Since it came out I’ve always wanted the Roland tr-08. I’ve never need it. My op-z with 808/909/606/ drum packs will always be more functional, portable, flexible…but common sense has long left the building. I know it could end up being another cute dust catcher. (Does anybody still use their Ikea TE gear/semi-mod series?) Ditto the OB-4. Another unnecessary desire/buy. I mean, I could buy two white t-shirts instead!

I’m selling my mpc live. In terms of value & functionality I really don’t think there is much competition. It’s an incredible machine. By the time the TE ‘field series’ is done my guess is the footprint will be the same…just with shitload more cables and a whopping £4,000. budget hole (pure speculation). Yet I hate using it. It’s one constant battle that I’ve never been able to grasp. Less options work in my favour because I’m not bright enough. My perfect machine, the one bit of gear I adore is the Sp-16. It’s pure joy. And it was built for a simpleton like me to use.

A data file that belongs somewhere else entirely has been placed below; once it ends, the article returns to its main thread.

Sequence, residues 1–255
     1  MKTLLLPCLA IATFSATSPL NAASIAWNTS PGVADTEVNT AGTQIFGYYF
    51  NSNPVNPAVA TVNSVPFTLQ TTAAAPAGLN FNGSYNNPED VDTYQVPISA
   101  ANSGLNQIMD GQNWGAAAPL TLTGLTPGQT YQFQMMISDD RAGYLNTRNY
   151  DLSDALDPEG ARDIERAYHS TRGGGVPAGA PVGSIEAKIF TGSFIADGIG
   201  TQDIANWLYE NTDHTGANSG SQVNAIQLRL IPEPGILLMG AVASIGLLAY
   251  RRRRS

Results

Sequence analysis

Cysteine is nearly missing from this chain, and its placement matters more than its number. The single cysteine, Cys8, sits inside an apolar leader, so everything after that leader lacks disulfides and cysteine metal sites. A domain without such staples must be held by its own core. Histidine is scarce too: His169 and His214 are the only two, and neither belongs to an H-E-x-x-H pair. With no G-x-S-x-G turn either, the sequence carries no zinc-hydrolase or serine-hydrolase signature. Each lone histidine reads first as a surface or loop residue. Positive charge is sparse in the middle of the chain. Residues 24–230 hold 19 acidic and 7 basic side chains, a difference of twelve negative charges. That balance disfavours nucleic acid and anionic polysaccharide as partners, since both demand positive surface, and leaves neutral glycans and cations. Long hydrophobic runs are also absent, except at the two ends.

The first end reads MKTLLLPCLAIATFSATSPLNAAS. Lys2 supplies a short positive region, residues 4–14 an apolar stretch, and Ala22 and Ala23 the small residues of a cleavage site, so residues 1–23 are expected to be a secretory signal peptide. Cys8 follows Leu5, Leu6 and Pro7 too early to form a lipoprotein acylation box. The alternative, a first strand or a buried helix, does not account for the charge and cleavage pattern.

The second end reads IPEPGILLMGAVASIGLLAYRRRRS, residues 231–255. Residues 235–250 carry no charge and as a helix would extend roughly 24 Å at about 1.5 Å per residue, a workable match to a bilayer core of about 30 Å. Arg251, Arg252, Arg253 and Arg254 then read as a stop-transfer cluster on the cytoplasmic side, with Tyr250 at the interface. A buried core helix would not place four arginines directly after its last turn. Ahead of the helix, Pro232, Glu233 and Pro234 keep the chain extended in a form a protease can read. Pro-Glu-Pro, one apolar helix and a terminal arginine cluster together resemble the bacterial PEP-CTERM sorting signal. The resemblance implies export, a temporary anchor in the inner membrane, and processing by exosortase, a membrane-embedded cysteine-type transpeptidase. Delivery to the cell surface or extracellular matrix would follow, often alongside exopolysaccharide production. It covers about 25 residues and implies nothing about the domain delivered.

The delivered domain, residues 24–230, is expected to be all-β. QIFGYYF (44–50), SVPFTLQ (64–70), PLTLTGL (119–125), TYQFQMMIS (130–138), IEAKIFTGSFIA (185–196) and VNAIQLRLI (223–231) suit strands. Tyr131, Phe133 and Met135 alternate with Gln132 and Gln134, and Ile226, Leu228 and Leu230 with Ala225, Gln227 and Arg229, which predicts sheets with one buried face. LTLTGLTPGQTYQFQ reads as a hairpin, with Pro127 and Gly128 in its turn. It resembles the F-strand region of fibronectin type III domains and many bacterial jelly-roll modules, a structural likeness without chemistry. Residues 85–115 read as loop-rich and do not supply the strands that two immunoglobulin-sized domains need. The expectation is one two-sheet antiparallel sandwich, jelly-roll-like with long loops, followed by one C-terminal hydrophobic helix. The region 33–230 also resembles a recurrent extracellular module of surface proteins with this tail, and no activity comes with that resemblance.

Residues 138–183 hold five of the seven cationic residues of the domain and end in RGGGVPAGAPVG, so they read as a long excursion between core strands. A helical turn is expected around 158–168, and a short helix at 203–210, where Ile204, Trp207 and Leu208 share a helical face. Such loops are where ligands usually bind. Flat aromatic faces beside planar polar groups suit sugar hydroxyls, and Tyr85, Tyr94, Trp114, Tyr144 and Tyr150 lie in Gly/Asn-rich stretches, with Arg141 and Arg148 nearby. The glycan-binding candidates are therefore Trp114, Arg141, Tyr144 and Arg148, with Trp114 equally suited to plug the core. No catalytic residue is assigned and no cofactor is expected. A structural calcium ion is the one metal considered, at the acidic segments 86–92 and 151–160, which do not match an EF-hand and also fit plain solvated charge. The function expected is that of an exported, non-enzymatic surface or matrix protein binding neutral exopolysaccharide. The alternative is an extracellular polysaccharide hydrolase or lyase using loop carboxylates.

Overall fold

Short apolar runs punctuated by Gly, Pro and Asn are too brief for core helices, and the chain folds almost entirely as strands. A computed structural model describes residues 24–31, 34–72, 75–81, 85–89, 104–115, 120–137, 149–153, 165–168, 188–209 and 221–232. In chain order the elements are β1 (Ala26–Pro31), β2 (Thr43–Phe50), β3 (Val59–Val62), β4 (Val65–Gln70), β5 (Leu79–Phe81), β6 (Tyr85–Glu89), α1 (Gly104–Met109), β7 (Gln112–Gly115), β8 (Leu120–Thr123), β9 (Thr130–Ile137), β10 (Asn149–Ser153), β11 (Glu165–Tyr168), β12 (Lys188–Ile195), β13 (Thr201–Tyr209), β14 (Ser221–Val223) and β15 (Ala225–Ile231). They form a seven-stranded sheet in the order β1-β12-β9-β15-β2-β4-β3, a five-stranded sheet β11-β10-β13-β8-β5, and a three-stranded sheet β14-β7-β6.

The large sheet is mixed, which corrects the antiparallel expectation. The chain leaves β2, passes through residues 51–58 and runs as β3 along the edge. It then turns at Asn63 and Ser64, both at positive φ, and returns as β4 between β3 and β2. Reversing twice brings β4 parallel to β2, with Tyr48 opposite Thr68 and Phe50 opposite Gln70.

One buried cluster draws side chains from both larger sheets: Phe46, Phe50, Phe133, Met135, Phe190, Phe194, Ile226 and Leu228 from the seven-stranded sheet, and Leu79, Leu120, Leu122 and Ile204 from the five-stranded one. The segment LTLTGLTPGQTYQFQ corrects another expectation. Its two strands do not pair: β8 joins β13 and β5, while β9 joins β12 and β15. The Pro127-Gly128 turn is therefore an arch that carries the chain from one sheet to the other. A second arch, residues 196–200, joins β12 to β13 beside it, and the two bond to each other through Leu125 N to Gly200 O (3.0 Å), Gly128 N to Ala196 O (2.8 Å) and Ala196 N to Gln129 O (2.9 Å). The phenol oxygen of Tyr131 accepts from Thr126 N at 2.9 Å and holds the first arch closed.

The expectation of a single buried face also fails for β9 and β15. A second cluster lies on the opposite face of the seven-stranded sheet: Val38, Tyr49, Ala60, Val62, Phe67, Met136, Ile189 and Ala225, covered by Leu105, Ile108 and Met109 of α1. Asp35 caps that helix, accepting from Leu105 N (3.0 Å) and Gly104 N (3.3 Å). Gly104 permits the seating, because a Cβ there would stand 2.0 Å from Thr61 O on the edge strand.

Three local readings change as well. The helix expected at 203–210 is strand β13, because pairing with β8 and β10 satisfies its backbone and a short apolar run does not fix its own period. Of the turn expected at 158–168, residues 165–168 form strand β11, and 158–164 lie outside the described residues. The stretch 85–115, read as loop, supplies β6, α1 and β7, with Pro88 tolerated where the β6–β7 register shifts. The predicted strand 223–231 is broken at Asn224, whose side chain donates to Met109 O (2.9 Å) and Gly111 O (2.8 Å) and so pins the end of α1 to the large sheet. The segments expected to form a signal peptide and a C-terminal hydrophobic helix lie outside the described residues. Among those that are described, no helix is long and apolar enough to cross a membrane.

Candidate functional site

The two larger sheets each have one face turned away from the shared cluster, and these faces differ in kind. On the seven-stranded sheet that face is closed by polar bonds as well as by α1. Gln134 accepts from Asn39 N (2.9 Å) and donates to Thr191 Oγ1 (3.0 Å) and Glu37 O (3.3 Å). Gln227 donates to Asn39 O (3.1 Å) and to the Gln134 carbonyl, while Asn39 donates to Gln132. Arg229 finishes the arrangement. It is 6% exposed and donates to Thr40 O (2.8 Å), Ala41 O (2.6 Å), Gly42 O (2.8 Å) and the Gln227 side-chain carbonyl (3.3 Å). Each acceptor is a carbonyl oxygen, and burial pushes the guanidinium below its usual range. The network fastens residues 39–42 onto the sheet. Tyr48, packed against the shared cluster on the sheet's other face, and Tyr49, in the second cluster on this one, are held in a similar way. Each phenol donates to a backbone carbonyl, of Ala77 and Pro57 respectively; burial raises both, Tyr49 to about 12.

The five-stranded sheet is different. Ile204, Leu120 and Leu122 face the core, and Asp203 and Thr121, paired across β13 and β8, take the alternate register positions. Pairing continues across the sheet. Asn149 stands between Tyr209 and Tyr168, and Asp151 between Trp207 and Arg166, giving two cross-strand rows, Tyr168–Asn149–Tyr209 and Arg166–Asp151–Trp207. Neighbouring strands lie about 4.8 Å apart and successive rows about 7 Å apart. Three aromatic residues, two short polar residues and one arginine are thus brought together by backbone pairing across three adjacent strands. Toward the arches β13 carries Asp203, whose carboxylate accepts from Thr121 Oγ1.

the formula to overcome desire is ultimately a pointless exercise.

what I would like to know, and understand more, is other hobby users/buyers relationship to justifying expenditure, and the realistic economics/practicality.

actually, I’m still drunk from last night, so apologies (as usual). still curious though. x

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what’s an sp 16? not really familiar

i agree about mpc live but havent sold mine yet
no regrets about frekvens or POM because i never needed them

ob4 would be fun but no urgent need either and its only a lingering desire in my mind


i dont really see the point of feeling guilty about all of this tho

if it made me feel that bad then i’d sell everything and stop making music

also i see the equation more like this:

ergonomics = functionality
great design can tell me how useful/playable a tool is

cool layout, controls and i/o ports aren’t simply eye candy…they provide value (if they fit my preferred methods) and allow me to enjoy the experience of making music by enhancing on my strengths & the features of other instruments in my collection

sometimes well designed tools simply arent much fun to use but nothing i’ve tried from TE fits that description